The Words of the Haider Family

Peace Prospects in Sudan to Be Explored in Vienna

Peter Haider
December 30, 2010

Vienna, Austria -- "Sudan -- Perspectives for Peace in the Largest African Nation" is the topic of a discussion January 4 in Vienna. On January 9, Southern Sudan will hold a referendum on whether or not it should remain a part of Sudan, and observers fear the possibility of violence.

The referendum is part of the 2005 Naivasha Agreement between the Khartoum central government and the Sudan People's Liberation Army/Movement. Sudanese officials have said throughout their campaigns, regardless of their pro-unity or pro-separatist stance, that the ultimate aim is a peaceful transition for the fragile nation.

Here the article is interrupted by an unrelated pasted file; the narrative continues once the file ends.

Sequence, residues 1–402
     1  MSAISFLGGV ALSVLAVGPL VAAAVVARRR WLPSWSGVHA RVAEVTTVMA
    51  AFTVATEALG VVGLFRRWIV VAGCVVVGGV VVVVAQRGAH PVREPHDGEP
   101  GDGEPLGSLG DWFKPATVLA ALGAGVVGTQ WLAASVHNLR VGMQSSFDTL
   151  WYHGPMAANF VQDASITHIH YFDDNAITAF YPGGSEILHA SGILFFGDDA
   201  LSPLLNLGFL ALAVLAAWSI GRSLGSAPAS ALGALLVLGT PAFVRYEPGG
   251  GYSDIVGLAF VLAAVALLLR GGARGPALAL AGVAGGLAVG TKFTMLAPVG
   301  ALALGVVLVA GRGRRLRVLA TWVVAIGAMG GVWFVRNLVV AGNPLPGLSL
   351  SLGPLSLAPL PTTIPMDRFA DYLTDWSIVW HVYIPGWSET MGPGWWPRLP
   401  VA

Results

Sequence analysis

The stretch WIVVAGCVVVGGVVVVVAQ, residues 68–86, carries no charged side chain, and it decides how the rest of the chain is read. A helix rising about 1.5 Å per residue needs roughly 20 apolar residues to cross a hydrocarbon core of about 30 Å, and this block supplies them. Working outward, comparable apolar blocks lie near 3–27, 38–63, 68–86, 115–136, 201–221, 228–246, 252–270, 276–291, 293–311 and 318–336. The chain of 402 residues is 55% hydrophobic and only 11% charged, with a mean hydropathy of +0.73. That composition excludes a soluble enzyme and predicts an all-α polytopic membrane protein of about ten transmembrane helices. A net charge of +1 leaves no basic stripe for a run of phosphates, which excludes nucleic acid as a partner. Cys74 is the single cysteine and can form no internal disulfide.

Observers and key players fear violence ahead of the South Sudan referendum because of a variety of reasons. First, there is competition for limited resources, primarily oil. The North may resist the South splitting away for fear that it will lose territory and oil, most of which will lie -- as far as the North is concerned -- on the wrong side of any new border that's created. The fear of violence post-separation also stems from the historical make-up of the tribal demographics of the Southern Sudan region.

The discussion will be led by El Fadil Abbas Mohamed Ali, who was born in Medani in Central Sudan. He holds an MA in Linguistics from the University of Leeds, UK. He was lecturing at Gezira University and the University of Juba. Because of his affiliation with the opposition movement he had to leave Sudan 25 years ago for Abu Dhabi, United Arab Emirates. After the 2005 peace agreement he has returned regularly to his home country. Currently he works for the planning department in the Ministry of Foreign Affairs in Abu Dhabi. 

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